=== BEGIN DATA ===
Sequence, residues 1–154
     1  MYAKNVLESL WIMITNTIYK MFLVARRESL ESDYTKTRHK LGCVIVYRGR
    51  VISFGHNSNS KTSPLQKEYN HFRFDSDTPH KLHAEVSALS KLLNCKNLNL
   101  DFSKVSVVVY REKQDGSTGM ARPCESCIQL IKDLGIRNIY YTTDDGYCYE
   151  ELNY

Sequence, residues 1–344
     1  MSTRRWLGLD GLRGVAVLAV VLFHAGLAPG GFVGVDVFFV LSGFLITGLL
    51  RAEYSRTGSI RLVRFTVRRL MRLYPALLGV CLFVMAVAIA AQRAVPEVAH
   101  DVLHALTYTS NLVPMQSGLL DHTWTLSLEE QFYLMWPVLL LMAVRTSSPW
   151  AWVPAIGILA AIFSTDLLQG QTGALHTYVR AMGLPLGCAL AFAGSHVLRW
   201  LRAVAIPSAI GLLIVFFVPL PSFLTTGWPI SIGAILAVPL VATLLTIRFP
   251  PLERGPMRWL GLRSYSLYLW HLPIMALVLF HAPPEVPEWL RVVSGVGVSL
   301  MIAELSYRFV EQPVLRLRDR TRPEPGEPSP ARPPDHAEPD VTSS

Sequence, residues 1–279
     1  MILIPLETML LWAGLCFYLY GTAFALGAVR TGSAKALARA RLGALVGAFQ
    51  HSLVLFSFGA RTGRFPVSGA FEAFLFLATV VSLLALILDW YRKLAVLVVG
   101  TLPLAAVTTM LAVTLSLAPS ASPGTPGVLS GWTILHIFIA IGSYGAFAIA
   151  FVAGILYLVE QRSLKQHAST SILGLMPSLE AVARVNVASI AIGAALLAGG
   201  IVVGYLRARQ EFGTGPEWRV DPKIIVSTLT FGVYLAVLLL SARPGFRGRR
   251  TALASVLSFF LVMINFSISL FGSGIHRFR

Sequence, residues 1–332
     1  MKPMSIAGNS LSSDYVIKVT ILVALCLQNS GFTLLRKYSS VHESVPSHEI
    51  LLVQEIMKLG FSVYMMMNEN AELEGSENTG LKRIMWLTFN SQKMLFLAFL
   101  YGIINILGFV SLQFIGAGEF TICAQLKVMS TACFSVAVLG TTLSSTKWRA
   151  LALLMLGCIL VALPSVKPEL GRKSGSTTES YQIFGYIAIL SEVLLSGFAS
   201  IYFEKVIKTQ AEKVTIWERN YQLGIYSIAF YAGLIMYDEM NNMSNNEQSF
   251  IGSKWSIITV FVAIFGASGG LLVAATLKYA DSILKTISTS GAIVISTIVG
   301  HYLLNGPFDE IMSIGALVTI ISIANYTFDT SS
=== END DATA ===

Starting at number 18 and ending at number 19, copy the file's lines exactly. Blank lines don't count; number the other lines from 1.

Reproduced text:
   151  FVAGILYLVE QRSLKQHAST SILGLMPSLE AVARVNVASI AIGAALLAGG
   201  IVVGYLRARQ EFGTGPEWRV DPKIIVSTLT FGVYLAVLLL SARPGFRGRR